Dwijendra Tripathi: The Business history pioneer

Dwijendra Tripathi
The passing away of Dr Dwijendra Tripathi on September 5 has caused a grievous loss to management education and research in general and the as-yet nascent field of business history in particular. Tripathi was an early member of the faculty of Indian Institute of Management, Ahmedabad.  He joined in 1964 and remained there till his retirement in 1990. He held many positions in the academic administration of the institute. But the true measure of his interest and contributions is the Kasturbhai Lalbhai Chair of Business History he graced.

For a country with long tradition of scholarship, economic and business history are relatively neglected fields in India. Romesh Chandra Dutt’s work on the economic history dates back to late 19th century. Bipan Chandra made admirable contributions, but his work was mired in unjustified ideological controversy. Irfan Habib and Romilla Thapar too have explored economic history, especially of the Mughal period. Yet there is little work available on issues such as the land settlement question through ages which could provide a much-needed historical perspective in today’s context of growing rural distress.

We have espoused an ahistoric approach to business research. Many early industrial revolution Mercantilist dilemmas such as the corn laws of England and the 18th century Calico controversy which sought to protect the emerging British textile industry against competition from cheaper Indian handloom fabrics would be relevant in analysing issues emerging from the side effects of globalisation.

That is where Tripathi’s contributions become very significant. His dissertation at the University of Wisconsin was on the economic links between India and the United States in the post-Civil War period, when India displaced the United States as the chief source of cotton for the British textile industry.  His return to India and Ahmedabad was fortuitous, because it allowed him to pursue these interests further.  Unlike most of his contemporaries on the institute faculty, Tripathi cultivated associations with the local academic circles and business community. He gave an indication of what was to come in his 1971 essay in Economic and Political Weekly titled “Indian Entrepreneurship in Historical Perspective: A Re-interpretation”.

He devoted much of his attention to business history in the latter period at Ahmedabad. This paid rich dividend: A series of seminars, a course on business history and the analytical tour de force, The Oxford History of Indian Business.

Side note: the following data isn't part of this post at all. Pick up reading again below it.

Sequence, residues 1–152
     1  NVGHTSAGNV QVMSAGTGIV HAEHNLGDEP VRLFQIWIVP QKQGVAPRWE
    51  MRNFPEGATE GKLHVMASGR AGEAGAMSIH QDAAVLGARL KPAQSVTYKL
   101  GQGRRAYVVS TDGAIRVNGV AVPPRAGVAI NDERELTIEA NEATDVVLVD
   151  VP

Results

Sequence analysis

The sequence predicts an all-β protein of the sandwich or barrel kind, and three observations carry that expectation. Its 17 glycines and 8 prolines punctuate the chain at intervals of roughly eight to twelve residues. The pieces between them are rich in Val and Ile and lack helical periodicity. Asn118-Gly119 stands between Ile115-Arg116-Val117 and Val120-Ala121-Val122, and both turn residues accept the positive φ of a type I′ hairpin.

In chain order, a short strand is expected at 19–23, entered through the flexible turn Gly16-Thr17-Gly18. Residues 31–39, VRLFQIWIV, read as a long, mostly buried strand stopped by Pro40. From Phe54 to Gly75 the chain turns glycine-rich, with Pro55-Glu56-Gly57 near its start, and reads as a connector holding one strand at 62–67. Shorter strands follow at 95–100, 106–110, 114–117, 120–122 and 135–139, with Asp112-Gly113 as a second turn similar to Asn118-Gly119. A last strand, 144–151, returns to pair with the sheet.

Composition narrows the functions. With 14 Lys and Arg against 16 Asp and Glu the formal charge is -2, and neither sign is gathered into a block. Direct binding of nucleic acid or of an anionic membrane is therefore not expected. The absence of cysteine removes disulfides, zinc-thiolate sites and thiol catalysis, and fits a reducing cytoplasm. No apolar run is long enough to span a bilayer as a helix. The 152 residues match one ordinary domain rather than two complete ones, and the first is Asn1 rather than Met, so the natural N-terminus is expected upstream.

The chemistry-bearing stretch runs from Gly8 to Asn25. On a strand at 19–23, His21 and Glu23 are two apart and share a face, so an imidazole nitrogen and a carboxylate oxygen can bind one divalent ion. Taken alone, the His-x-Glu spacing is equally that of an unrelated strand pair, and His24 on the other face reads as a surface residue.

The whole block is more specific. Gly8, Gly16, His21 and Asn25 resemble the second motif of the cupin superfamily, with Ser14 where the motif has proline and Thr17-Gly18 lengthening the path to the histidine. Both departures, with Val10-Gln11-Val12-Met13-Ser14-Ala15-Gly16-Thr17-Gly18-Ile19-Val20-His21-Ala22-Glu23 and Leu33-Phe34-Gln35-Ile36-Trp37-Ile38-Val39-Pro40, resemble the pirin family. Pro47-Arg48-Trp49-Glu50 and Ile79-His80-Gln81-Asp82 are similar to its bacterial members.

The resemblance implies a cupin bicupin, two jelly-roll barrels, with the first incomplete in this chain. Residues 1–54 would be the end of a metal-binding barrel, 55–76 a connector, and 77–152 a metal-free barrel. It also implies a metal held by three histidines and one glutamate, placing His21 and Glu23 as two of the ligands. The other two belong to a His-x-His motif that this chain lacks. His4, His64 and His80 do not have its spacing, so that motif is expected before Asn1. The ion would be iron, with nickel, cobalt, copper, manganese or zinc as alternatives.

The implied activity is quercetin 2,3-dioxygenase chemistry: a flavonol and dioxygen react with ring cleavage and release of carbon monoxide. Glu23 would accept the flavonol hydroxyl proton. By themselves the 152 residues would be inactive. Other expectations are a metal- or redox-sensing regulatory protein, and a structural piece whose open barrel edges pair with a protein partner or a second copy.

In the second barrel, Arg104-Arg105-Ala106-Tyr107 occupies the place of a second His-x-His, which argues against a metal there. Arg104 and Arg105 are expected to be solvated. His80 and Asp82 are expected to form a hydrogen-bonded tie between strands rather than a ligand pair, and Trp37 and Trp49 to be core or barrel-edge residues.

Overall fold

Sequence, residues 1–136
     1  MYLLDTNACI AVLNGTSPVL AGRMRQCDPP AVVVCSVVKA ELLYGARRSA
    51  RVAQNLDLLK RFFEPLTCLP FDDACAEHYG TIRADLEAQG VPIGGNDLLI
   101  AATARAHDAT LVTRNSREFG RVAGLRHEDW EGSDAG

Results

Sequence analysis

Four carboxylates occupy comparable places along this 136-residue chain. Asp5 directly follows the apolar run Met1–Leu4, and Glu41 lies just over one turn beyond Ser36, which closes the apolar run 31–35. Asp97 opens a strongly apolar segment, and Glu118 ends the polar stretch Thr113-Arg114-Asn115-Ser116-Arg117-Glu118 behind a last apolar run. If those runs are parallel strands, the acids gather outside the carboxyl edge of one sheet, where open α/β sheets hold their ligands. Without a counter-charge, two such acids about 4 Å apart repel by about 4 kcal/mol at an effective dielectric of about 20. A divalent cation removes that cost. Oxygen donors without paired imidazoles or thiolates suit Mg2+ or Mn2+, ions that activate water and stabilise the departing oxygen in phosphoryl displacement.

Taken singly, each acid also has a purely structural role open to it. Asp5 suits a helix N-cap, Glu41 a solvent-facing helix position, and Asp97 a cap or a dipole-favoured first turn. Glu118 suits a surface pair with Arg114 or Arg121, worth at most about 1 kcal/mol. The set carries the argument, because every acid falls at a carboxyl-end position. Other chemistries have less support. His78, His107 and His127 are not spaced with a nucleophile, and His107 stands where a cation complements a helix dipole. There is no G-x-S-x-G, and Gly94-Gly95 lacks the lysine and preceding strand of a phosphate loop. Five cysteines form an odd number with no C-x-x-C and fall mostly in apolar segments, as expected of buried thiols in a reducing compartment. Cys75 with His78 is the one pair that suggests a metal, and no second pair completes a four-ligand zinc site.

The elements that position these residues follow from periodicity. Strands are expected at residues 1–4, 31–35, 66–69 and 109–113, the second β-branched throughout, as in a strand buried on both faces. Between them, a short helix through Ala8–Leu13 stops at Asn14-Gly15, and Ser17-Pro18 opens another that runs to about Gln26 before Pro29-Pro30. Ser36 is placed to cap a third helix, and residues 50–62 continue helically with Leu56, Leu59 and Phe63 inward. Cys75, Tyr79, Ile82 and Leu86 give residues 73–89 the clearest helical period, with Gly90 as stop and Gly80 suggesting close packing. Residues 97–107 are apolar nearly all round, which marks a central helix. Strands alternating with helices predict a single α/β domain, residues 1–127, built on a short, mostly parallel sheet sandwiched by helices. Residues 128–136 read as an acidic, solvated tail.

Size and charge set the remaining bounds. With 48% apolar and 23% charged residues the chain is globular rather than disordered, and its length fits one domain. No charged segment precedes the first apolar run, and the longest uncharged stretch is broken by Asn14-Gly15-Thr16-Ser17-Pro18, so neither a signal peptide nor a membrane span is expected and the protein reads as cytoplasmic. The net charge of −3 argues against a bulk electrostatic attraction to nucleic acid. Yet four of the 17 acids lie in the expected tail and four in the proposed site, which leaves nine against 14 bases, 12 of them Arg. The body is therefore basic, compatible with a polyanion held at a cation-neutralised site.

Tripathi’s contribution stands out in India, where barring exceptions such as Gita Piramal’s lucidly written books, mostly commissioned works on business houses and personalities pass for business history.

I got to know him well in my time at the institute. My lasting image is his slim, tall frame clad in black achkan and white pajamas every Independence and Republic Day.  What could have been pompous affectation on anyone else seemed perfectly natural and becoming on Tripathi.  It reflected his courtly and courteous persona perfectly. In all my memories of him, there are many of arguments, even heated ones, with others, but none where he lost his temper or raised his voice. Even as he was busy stressing his point or refuting yours, there was gentleness and a hint of smile, as if to tell you that these disagreements matter nought in friendship and collegiality. His attire on the occasions of national days also signified his deep and abiding interest in and identification with Clio, the muse of history in Greek mythology.

He was visibly upset at a faculty meeting in 1972 when Ravi Matthai made the announcement of his irrevocable decision of stepping down from the IIMA directorship. The stunned silence it evoked was broken by Tripathi saying in a quivering voice that he felt betrayed. Again, that could be misinterpreted, but it was evident that Tripathi meant to convey his sense of loss, of being rudderless in the institute without Matthai’s stewardship, a feeling that even neophytes like me shared. He was quick to laud Matthai’s decision of staying in the institute and not playing any role in the choice of his successor. He prophetically called it the defining trait of the IIMA culture.

Tripathi is now part of history which all those who knew him will recall with affection and admiration.